• HPOG programs offered a range of trainings, from short-term trainings (such as for Certified Nursing Assistant) to long-term trainings (such as for Registered Nurse). Participants who completed a long healthcare training (12 months or more) on average had higher earnings than participants who completed medium training (four to 11 months), more than 50 percent higher five years after completing training. Those who completed medium-term training had higher earnings than those who completed short trainings (less than four months), but the difference was more modest, about 20 percent higher. Those completing long trainings nearly tripled their pre-HPOG quarterly earnings over a five-year period after training.
  • Despite the advantages conferred by longer-term trainings, short trainings were the most common type of training accessed by HPOG participants. Analysis also revealed disparities in who was able to complete longer trainings. Over half of participants who completed long trainings identified as white, while a larger share of short training completers identified as Black. Those who completed long trainings also entered training with advantages–they had more prior education and were more likely to already be employed in the healthcare industry than other participants.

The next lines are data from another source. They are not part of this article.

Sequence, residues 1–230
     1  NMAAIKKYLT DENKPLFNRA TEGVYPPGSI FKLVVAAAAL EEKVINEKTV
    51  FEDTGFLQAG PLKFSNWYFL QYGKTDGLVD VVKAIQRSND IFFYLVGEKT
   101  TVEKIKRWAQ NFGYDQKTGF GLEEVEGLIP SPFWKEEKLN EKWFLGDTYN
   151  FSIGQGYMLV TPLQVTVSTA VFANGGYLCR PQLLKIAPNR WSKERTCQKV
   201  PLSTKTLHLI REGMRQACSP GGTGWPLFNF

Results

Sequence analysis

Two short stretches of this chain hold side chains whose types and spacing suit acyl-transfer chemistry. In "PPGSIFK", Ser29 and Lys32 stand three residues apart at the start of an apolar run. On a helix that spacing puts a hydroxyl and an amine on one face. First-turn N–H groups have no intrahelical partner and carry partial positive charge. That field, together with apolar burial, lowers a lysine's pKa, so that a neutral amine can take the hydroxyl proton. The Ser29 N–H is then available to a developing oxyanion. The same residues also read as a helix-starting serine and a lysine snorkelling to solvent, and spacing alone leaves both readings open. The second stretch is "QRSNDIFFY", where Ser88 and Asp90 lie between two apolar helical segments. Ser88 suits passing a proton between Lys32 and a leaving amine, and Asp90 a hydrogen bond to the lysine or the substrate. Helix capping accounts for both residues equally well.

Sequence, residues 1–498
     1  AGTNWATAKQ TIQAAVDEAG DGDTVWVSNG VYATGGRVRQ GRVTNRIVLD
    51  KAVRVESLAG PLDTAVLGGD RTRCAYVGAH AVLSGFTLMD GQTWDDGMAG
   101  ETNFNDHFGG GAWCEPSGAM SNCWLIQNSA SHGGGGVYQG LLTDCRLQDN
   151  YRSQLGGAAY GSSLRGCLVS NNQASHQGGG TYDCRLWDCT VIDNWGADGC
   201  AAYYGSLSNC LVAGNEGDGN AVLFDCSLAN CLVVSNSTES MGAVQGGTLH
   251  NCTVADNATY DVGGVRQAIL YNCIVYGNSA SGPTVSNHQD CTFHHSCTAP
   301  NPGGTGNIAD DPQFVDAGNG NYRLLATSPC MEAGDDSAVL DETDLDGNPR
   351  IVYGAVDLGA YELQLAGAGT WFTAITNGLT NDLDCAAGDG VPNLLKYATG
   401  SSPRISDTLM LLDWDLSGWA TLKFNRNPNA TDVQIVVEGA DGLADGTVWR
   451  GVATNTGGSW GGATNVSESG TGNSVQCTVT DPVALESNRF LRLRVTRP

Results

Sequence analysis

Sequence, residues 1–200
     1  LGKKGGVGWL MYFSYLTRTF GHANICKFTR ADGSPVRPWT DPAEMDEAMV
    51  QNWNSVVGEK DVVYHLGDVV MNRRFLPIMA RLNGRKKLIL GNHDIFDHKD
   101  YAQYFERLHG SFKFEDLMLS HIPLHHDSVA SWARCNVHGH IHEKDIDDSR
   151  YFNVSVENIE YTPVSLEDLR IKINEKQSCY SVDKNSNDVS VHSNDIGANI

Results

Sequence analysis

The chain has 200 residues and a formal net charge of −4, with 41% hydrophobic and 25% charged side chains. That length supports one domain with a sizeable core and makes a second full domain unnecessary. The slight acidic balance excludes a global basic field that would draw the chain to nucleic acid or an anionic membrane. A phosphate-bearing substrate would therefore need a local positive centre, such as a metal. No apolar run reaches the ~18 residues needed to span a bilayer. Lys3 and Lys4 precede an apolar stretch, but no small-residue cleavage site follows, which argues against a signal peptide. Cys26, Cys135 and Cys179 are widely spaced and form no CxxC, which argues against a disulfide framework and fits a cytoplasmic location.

• Programs may want to explore strategies – in addition to basic skills activities provided under HPOG – that better prepare participants for entry into longer, higher-level training as well as provide additional supports to help them persist to completion. Once enrolled in training, financial support beyond tuition assistance—such as stipends—could help reduce the need for participants to combine school and work, thus promoting full-time enrollment and increasing program completion2. Programs may also consider emphasizing some of the medium-length trainings that lead to strong outcomes relative to their length.

Multiple entry-level (and shorter-term) trainings do not appear to provide the same earnings boost as mid- or high-level trainings.  

  • While mid- and high-level healthcare trainings (trainings for occupations paying $15/hour or more) were most likely to lead to a higher-paying job, far more HPOG participants accessed one or more entry-level trainings than higher level trainings. Although stacking credentials is a practice in some parts of the healthcare industry, it is not clear that this strategy – particularly at the entry-level – improves participants’ employment and earnings prospects.
  • Participants who completed multiple entry-level trainings and earned multiple credentials as an alternative to longer, mid- or high-level trainings did not meaningfully improve their wages relative to those who completed only one entry-level training. Obtaining multiple entry-level credentials also did not improve participants’ wages relative to one credential or no credentials.